Wednesday, January 28, 2009

American Apparel Displays Its Sexism

image

The text reads as follows:

Women initiate most domestic violence, yet out of a thousand cases of domestic violence, maybe one is involving a man.  And this has made a victim of culture out of women.”

Wow, culture of victimization, isn’t that nice.  I wonder how many battered womens shelters he has visited to see just how imaginary the bruises and the emotional scars are?  Has he purposefully blinded himself to the images in popculture of women being beaten by men?

Had this idiot not been the owner of American Apparel, I would not even have bothered to blog about his misogynist swill.  Clearly the idea that only 1 out 1000 domestic violence cases involve men is pure nonsense. 

A 2005 study reported that 7% of partnered Canadian women experienced violence at the hands of a spouse between 1999 and 2004. Of these battered women, nearly one-quarter (23%) reported being beaten, choked, or threatened with a knife or gun. (Family Violence in Canada: A Statistical Profile, 2005)

The most common act of violence against women is being slapped—an experience reported by 9% of women in Japan and 52% in provincial Peru. Rates of sexual abuse also varies greatly around the world—with partner rape being reported by 6% of women from Serbia and Montenegro, 46% of women from provincial Bangladesh, and 59% of women in Ethiopia. (WHO Multi-country Study on Women’s Health and Domestic Violence Against Women, 2005)

In Zimbabwe, domestic violence accounts for more than 60% of murder cases that go through the high court in Harare. (ZWRCN)

Somewhere in America a woman is battered, usually by her intimate partner, every 15 seconds. (UN Study On The Status of Women, Year 2000)

The National Crime Victimization Survey (NCVS) reported 691,710 nonfatal violent victimizations committed by current or former spouses, boyfriends, or girlfriends of the victims during 2001. About 588,490, or 85% of intimate partner violence incidents, involved women. One of every five crimes against women was of this nature - compared to only 3% of crimes committed against men.

The list of facts debunking his bullshit is a mile long.  Across culture and nation states the one truth that is evident is that men are predominately the ones guilty of violently assaulting, raping, and abusing women.  To suggest otherwise is to be in denial of the ways in which patriarchy continually degrades women to support male hegemony.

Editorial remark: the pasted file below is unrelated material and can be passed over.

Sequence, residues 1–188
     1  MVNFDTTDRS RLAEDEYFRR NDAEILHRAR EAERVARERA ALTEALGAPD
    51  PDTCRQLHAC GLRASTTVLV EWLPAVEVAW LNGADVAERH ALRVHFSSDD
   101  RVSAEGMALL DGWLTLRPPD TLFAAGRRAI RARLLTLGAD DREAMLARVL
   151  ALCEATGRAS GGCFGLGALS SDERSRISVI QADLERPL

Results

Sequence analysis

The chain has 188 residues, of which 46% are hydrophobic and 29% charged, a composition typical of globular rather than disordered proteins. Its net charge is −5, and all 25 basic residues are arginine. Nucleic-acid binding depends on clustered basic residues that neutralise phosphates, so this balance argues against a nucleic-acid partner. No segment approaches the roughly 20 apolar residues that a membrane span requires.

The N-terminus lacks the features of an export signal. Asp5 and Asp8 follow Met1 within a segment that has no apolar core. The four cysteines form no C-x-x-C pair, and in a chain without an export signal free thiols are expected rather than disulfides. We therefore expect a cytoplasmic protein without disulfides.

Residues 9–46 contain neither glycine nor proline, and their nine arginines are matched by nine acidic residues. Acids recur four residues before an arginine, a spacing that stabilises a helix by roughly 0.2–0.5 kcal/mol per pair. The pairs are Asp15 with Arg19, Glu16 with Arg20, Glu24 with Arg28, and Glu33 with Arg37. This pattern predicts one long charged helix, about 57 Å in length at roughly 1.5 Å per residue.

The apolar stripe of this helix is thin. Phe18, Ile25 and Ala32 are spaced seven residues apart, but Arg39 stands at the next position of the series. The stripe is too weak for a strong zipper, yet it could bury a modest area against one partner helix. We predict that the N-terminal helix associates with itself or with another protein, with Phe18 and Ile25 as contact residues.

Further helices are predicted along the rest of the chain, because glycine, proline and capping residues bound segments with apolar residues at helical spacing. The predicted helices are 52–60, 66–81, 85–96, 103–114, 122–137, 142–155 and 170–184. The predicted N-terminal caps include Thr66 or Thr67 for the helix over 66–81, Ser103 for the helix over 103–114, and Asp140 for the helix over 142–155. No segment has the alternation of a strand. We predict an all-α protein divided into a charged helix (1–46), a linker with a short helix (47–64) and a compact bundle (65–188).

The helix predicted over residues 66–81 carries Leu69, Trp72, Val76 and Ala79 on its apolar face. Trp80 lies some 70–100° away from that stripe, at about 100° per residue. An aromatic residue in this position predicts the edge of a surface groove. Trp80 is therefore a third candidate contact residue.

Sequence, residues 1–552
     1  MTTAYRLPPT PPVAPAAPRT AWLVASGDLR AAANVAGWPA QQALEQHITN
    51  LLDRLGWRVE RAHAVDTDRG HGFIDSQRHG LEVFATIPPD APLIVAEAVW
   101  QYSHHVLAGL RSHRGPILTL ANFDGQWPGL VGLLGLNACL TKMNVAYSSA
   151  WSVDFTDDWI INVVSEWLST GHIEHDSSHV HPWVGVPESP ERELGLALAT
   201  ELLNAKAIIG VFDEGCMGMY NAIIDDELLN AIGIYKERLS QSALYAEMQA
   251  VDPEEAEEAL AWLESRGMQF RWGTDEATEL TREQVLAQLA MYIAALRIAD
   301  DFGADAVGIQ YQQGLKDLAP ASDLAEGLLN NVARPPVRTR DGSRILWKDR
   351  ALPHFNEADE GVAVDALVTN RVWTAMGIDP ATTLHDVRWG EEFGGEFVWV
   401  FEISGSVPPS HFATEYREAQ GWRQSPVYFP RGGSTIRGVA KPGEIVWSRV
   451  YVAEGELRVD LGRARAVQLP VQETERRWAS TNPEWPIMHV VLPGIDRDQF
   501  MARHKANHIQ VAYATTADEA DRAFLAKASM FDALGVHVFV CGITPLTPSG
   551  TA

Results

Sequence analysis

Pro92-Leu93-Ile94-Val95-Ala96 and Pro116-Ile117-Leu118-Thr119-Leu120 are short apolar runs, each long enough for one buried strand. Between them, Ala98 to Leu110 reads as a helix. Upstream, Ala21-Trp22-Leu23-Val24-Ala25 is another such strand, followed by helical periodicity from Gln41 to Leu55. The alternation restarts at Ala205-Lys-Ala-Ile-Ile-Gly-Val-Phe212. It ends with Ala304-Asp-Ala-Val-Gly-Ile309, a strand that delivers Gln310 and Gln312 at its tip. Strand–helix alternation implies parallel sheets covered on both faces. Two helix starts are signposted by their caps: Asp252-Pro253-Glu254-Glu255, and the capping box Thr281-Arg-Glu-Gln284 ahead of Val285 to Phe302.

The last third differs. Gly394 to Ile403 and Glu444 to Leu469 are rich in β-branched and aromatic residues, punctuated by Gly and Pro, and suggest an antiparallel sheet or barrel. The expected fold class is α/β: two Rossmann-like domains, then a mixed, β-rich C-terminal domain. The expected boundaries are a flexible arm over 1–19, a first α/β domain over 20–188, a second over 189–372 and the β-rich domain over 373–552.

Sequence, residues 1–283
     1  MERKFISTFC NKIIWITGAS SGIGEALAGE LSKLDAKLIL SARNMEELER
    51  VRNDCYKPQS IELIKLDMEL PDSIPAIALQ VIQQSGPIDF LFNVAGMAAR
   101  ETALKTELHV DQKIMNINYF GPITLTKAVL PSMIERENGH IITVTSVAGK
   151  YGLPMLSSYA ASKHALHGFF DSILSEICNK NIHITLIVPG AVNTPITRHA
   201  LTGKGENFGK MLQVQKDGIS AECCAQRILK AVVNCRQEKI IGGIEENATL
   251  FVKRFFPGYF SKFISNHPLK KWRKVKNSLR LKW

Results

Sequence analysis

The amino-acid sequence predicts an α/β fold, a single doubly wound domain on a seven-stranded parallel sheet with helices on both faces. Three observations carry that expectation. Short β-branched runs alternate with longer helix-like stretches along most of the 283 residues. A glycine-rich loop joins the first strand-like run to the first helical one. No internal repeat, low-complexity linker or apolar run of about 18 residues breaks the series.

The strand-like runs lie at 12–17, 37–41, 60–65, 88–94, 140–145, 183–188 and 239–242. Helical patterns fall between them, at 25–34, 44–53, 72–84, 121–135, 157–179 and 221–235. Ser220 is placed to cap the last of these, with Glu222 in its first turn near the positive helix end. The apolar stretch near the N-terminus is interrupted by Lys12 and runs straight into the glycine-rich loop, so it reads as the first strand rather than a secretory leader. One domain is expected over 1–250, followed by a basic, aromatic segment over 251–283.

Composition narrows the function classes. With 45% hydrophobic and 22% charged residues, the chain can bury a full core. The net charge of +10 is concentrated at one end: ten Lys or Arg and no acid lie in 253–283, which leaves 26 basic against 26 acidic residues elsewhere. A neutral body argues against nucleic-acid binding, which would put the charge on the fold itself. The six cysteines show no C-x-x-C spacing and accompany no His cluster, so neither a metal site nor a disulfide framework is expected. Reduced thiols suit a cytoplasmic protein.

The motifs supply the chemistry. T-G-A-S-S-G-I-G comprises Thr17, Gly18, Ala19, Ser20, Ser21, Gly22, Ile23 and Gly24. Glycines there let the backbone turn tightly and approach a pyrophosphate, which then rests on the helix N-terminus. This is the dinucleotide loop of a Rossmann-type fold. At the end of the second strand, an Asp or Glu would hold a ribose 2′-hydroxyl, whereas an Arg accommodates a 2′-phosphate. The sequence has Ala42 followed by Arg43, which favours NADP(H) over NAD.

Charney is using his position as a male of privilege to reinforce this destructive message.   There has been ample evidence of his hatred of women and the only question that remains is what we are going to do about it.   Obviously we cannot hope to change his mind, such misogynists  men rarely come to an understanding of the ways in which their behaviour is not only reductive but dangerous.  If he cannot be taught to respect women, he can still be brought to heel by a boycott of his stores.  What human decency he did not learn in socialization can be force fed through economic sanctions.

We often see something sexist, rail against it and then move on.  It is time as women that we begin to recognize that even though we earn so much less than men, we are still responsible for a great deal of the economy.  We need not spend our hard earned dollars to enrich a man that clearly hates women. Often times when we are confronted by sexism, negative reprisals forestall any form of active protest however in cases like this, it is well within our power to let this asshat know that there is a penalty for displaying such naked hatred of women. He should not profit from our labour and demean us with his MRA style misogynist lies.   So now that you know, spread the word and remind people that sometimes refusing to purchase something can also be a positive form of protest.

H/T Rage Against The Man-Chine


Update: Apparently there is some conjecture that the ad itself may not be real, however the quote that is used has been verified. Apparently Dov said this in an interview with Jon Meyer of the McGill Daily.

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